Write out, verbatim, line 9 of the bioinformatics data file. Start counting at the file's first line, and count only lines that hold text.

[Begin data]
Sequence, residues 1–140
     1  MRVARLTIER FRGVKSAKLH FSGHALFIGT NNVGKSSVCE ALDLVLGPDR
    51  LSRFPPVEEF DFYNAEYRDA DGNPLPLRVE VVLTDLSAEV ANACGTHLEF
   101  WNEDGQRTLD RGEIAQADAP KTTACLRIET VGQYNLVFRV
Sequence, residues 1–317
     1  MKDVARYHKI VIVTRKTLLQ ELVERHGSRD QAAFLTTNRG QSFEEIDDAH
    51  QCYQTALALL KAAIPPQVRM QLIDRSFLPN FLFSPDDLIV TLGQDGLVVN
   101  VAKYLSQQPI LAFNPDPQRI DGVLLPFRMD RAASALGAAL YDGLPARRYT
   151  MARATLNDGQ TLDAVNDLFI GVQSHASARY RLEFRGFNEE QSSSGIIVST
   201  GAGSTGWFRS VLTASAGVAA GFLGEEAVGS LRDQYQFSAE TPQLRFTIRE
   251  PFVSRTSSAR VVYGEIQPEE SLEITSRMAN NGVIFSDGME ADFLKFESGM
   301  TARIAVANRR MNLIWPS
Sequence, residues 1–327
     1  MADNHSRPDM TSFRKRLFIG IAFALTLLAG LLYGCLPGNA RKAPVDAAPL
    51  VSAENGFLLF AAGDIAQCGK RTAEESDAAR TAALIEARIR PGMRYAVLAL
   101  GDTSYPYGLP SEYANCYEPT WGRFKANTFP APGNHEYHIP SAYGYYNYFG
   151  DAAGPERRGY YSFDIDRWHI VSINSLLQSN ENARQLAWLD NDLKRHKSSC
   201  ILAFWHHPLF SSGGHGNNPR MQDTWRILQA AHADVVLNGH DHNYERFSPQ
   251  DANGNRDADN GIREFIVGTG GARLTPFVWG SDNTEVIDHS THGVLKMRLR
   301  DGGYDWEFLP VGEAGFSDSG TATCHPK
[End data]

   151  MARATLNDGQ TLDAVNDLFI GVQSHASARY RLEFRGFNEE QSSSGIIVST